2018 saw a five-year high of China’s photovoltaic product exports, partly due to rising demand for production capacity in overseas markets and partly the termination of European Commission’s anti-dumping measures against Chinese products.
China’s total exports of photovoltaic products hit about $16.11 billion in 2018, the highest since the EU decided to end minimum import price limitations on Chinese products. And capacity of all the exported elements reached 41 gigawatts, an increase of 30 percent year-on-year, according to statistics of the China Photovoltaic Industry Association.
At present, there are over 20 Chinese companies have production interest abroad, mostly in Thailand, Malaysia and Vietnam, via JV, mergers and acquisitions.
The booming export volumes of Chinese photovoltaic products is in line with China’s growing installed capacity for green and renewable energy, which hit 728 GW, an increase of 12 percent year-on-year by the end of 2018.
The installed capacity of photovoltaic power stations in 2018 hit 174 GW, an increase of about 34 percent year-on-year, whilst power generation through photovoltaic cells spiked to 177.5 billion kilowatthours, a growth rate of about 50 percent over 2017, according to the country’s National Energy Administration.
China will continue to advance the high-quality development of the photovoltaic sector at a reasonable pace and on a modest scale, at the same time improve management of photovoltaic generation, said Li Chuangjun, deputy director of the new energy department of the NEA.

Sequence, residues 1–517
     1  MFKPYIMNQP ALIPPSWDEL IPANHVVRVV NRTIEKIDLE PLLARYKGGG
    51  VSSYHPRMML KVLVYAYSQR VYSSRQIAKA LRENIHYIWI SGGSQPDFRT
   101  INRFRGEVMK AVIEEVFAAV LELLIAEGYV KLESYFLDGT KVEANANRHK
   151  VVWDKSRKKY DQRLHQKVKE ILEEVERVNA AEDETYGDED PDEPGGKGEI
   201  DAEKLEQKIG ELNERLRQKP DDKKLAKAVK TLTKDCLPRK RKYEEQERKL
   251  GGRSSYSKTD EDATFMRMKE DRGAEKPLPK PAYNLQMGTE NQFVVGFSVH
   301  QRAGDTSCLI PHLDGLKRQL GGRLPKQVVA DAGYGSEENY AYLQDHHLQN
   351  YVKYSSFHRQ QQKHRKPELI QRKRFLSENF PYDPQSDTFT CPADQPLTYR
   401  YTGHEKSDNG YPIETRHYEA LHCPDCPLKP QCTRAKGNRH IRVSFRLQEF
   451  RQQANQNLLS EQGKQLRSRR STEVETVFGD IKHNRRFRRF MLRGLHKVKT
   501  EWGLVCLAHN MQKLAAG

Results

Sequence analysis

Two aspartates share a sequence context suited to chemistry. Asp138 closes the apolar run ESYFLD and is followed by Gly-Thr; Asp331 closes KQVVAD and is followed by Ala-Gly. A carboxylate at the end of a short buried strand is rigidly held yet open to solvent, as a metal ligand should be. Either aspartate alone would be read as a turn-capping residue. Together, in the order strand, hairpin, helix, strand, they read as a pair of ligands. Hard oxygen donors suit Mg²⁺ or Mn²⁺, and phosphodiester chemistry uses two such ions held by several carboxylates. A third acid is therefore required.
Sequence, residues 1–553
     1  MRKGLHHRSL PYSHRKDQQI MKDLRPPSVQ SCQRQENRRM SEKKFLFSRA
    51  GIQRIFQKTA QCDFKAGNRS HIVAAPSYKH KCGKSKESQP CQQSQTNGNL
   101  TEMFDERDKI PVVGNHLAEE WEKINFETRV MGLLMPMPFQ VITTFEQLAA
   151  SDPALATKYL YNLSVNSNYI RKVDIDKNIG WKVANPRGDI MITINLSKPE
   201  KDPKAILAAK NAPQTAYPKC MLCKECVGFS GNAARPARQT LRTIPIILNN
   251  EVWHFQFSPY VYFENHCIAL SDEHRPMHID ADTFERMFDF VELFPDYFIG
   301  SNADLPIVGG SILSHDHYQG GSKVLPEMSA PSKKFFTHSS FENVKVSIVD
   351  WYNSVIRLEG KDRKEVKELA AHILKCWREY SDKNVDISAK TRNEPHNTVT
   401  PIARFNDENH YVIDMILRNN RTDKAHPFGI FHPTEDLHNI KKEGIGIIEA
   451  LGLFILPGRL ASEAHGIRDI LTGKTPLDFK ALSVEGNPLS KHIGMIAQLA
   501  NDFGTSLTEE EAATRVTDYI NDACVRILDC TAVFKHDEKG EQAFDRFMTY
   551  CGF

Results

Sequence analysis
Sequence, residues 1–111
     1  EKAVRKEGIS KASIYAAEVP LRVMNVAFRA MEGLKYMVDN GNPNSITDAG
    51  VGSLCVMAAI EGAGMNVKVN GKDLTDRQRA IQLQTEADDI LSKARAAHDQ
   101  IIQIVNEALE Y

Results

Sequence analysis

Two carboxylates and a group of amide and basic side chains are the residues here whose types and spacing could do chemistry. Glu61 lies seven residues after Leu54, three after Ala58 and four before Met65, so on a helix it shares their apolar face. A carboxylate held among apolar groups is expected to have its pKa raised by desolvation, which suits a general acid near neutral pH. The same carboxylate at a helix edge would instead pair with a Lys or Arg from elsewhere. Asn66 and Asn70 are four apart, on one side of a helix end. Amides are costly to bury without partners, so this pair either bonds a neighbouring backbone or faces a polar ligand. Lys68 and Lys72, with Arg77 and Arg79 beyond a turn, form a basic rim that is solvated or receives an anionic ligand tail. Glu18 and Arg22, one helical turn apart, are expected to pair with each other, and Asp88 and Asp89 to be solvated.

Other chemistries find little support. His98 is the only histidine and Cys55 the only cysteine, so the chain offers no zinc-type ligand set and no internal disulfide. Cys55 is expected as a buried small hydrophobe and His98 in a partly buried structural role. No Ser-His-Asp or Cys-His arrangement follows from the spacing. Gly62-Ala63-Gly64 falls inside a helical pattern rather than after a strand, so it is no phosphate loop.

The European Commission first imposed anti-dumping and anti-subsidy measures against China’s exports of solar panels in 2013. Chinese manufacturers should sell solar products in Europe at or above a minimum price, or else they could face duties of as high as 64.9 percent, which will cause these manufacturers to lose their comparative advantage in terms of price. The decision to eliminate the minimum limitations, taking effect on September 3, 2018, will serve the interests of the whole bloc, giving that EU is pushing forward its goal of increasing the ratio of renewable energy in energy mix.
On top of the termination, new rules released by Chinese government to cut feed-in tariffs for the solar sector have pushed firms to seek out new opportunities overseas, while keeping calm the overheated industry down and let it develop on a healthy track.
The government announced a reduction in governmental feed-in tariff by 0.05 yuan (0.7 US cents) per kWh on June 1, 2018. The feed-in tariff is believed not sustainable in the long run, and the cut could encourage solar sector of the country to move toward grid parity.
In recent years, Chinese companies in solar sectors have been motivated to explore overseas markets, especially Africa, and now more countries and regions that are involved in China-proposed Belt and Road Initiative. The stable demand from the US, Japan and India and accelerating demand in newly-explored market will be a strong driver for the sector.
New installed capacity in 2019 is expected to hit around 35 to 49.4 GW, according to Wang Bohua, secretary-general of the China Photovoltaic Industry Association.